Bye bye Berkeley
UCLA should be a blast
May 5, 2003
How do I say khoda hafez to the way the sunlight glitters across
the Berkeley Marina, lighting up the pier and creating a warm glow
along the water? How do I drive across a freeway that doesn't provide
me a view of the Golden Gate? How do I turn my back on the streets
of Berkeley? My dad went to Bongo Burger and walked up and down
Telegraph Avenue even before I was born, so how do I walk away?
I will miss the man who is the epitome of the First Amendment,
selling bumper stickers cursing our President and blaming corporate
America. Will the streets still smell like burning incense once
I am gone? Who will drive around near the I-House, checking out
the fraternity boys?
It won't be me.
The coffee shop in Walnut Creek that has become my second home
will serve its gingerbread lattes to someone else. Other girls will
have hummus and flatbread at my favorite restaurant on Main Street
which smells like the "old country" (whether you are Iranian
My entire life, I thought I was destined for this tiny slice of
heaven known as the Bay Area. After all, it is my birthplace. I
broke my nose playing tetherball on a playground in Pinole. I won
the county spelling bee in Richmond. I went to Farsi classes in
Albany, karate in El Cerrito... And to end my list, I was rejected
I was born there, and life as I know it, will end there.
You don't know what it's like to get the small envelope. I was
three out of four, accepted to three of the top four UCs, but almighty
Berkeley chose to look me over and say no. I guess my grades were
too borderline, or maybe they have finally had it with political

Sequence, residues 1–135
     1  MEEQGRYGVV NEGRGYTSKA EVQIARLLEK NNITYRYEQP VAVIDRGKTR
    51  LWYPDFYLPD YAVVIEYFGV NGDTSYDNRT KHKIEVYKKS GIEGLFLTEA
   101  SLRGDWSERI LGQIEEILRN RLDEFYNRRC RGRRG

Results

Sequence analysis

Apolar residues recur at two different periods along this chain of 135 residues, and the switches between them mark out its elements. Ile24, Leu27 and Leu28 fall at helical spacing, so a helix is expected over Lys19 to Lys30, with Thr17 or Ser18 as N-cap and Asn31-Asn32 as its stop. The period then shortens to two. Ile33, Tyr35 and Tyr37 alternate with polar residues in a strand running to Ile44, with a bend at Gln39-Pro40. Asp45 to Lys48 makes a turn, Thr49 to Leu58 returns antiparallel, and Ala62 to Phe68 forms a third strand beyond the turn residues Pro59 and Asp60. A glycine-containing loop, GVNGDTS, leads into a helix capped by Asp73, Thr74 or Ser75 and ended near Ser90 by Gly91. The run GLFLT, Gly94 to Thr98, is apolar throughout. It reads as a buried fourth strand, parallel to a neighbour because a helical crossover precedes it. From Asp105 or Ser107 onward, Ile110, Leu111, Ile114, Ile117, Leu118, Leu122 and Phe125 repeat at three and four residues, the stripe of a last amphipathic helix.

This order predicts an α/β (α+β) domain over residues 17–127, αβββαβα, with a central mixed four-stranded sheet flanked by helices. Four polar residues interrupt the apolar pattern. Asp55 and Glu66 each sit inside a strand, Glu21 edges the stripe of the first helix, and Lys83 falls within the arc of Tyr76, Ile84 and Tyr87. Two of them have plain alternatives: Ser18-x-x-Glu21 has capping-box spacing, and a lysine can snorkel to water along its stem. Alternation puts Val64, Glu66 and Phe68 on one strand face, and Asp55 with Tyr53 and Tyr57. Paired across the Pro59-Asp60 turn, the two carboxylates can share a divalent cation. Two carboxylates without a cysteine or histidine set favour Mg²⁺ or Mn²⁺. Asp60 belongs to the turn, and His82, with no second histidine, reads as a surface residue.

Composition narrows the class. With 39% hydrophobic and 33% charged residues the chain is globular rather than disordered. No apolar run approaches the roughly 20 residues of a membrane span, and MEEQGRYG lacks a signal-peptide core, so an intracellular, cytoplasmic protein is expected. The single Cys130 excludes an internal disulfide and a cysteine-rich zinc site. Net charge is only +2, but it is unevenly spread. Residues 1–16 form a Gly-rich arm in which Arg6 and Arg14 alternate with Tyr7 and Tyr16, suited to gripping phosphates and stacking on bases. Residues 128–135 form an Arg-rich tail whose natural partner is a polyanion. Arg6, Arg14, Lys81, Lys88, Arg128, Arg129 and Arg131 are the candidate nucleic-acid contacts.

Middle Eastern girls. They want to de-Muslimize Berkeley, white-wash
it back to normalcy.
I hope I remain "normal" after this ordeal. To me, normal
means no highlighted hair. Normal means not showing your belly button
and not drinking or smoking. Normal means reading Michael Parenti
and drinking chaee at Cafe Strada while a stranger's dog licks your
feet and another stranger shares your newspaper, while you're reading
UCLA should be a blast.
I know a lot of Iranians down South and whenever we visit them,
I thank God I wasn't raised there. If I had been, I wouldn't know
what "Spare the Air Day" or "Critical Mass"
meant. I wouldn't know what it's like to stroll down University
Avenue and see people who damn give a damn about what everyone else
In LA, everyone is so into everyone else's business that they forget
their own. I feel scared because I think I have the potential of
going insane in such a superficial, nosy world...
I don't even know what I am writing about. I feel like I am already
gone. I have already left my heart in San Francisco. It happened
the moment they told me "No, but thanks."
Does anybody have any "nasihat"?
I am sure you do.... and for the first time in a long time, I
think I am ready to hear them...
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